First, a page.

Don't worry. They've taken that into account and will now only pretty much sue the pants off those companies.

      And if they published this information before they filed the patent then it's now in public domain anyways.

      In some jurisdictions. From BitLaw [bitlaw.com]:

      One of the most important lessons to learn from this requirement is that there is a one year period after the first pbulic [sic] dislcosure or offer for sale of an invention during which a patent application must be filed. [...] Although the United States grants the one year grace period described in the last two rules above, most other countries do not grant such a period.

    • by Dachannien (617929) on Monday December 14, 2009 @09:36PM (#30438862)

      The earlier patent gets 17 years from the date of issue, which was in 1998 (so it expires in 2015 as long as they pay their maintenance fees), because it was filed before June 8, 1995 and gets the longer of 17 years from issue or 20 years from filing.

      Ironically, the later-filed patent gets 20 years from the earliest date of filing, i.e., the date at which the earlier-filed application was filed (because the later-filed patent is a continuation of a continuation of the earlier-filed patent), which means it expires in 2014.

      Of course, the later-filed patent has a patent term adjustment of about four years, so it actually expires in 2018.

      I hope this clears things up for you. ;)

    • by Zordak (123132) on Monday December 14, 2009 @10:41PM (#30439516) Homepage Journal
      I'm going to go out on a limb and guess that if there were something as obvious as the patent freakin' expired already or there was an obvious bar date, Microsoft's lawyers probably would have picked up on it. In fact, I'm betting that before Microsoft payed half a billion dollars to settle the suit, they probably scoured the world for invalidating prior art. If there's any good prior art to use against these patents, it's not likely to be something that the Slashdot Army of Armchair Lawyers is going to come up with off the top of their heads. It's more likely to be some thesis published by the University of Zimbabwe with exactly one copy sitting in their library just waiting to be discovered.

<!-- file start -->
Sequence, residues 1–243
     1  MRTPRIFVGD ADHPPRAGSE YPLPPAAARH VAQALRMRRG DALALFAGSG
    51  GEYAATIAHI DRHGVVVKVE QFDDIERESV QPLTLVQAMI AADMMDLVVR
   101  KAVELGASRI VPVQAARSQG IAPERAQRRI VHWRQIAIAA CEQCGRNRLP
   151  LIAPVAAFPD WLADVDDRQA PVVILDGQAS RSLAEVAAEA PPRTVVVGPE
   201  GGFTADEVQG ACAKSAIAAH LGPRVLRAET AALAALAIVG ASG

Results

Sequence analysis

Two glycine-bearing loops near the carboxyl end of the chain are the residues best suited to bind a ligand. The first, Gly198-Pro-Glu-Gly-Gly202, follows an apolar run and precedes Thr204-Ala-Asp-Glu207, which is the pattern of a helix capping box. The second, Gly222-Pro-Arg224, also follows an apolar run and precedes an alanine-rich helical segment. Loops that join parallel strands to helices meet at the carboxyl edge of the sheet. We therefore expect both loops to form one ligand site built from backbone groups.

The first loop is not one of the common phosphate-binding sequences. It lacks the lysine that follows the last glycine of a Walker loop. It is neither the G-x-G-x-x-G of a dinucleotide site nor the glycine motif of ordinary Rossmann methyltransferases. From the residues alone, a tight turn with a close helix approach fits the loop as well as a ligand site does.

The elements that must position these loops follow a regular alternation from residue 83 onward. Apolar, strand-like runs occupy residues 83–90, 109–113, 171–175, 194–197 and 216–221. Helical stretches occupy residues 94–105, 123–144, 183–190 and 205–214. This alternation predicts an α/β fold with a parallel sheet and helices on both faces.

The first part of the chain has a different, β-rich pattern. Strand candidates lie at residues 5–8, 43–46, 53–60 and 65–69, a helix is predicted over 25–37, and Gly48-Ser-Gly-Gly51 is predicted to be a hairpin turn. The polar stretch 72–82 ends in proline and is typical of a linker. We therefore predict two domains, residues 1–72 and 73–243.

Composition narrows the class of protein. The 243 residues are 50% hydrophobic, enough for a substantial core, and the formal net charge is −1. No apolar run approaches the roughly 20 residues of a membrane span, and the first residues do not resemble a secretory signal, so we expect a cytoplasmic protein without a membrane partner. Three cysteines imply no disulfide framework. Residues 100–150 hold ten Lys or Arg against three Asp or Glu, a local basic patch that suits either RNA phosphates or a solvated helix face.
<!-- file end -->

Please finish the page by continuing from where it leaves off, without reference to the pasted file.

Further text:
As always, I don't represent you and this post is not legal advice, and does not represent the views or opinions of my firm, or its partners, yadda yadda.

  • More power to 'em (Score:3, Insightful)

    by i_want_you_to_throw_ (559379) on Monday December 14, 2009 @09:11PM (#30438580) Homepage Journal
    Given that the defendants are also ridiculously litigious about software patents, I say more power to Eolas. I think the whole idea of software patents is absurd anyway but if there is going to be pain suffered by anyone then it needs to be suffered by all. Adobe, Amazon.com, Apple, eBay, Google, Yahoo!, JPMorgan, and Playboy are all probably really saddened by the fact that they didn't come up with this themselves quicker.
    • by meerling (1487879) on Monday December 14, 2009 @09:21PM (#30438714)
      It is not reasonable to allow spurious or unfounded litigations simply because the target does so themselves.
      That would set a very bad precedent.

      Now as to this case, I have no idea if it's a load of b.s. since I can't seem to get the article to load.
      Maybe it got slashdotted. :)

      Personally, I'm sick of the software patent scams, just slap them back to copyrights like it used to be.
      As long as we're wishing for things, eliminate business patents also.
    • by thePowerOfGrayskull (905905) <[moc.liamg] [ta] [esidarap.cram]> on Monday December 14, 2009 @09:31PM (#30438806) Homepage Journal

      Given that the defendants are also ridiculously litigious about software patents,

      Every case like this that is lost by the defendants serves to further legitimize this type of patent. If they win this, any project using Ajax is at risk, including many popular FOSS forum and CMS packages. So you'll pardon me if I'm less than enthusiastic about this, regardless of who is defending.

      • by smallfries (601545) on Monday December 14, 2009 @10:38PM (#30439484) Homepage

        The use of asynchronous communication with the server is one of the sub-claims. The actual "invention" that they filed is a browser that can download programs, and run them in such a way that the program can communicate with the browser for I/O. That is AJAX, but also Javascript in general. It's also any Java applet, Flash applet or in fact, any applet of any kind.

        They claim that they have invented the idea of executable applets, in any language or implementation. And after the Microsoft victory their legal position looks quite strong. I would assume that the only way the targets in this round can beat this is by tying the suits together and trying to get the patents dismissed on the grounds that they are overly broad.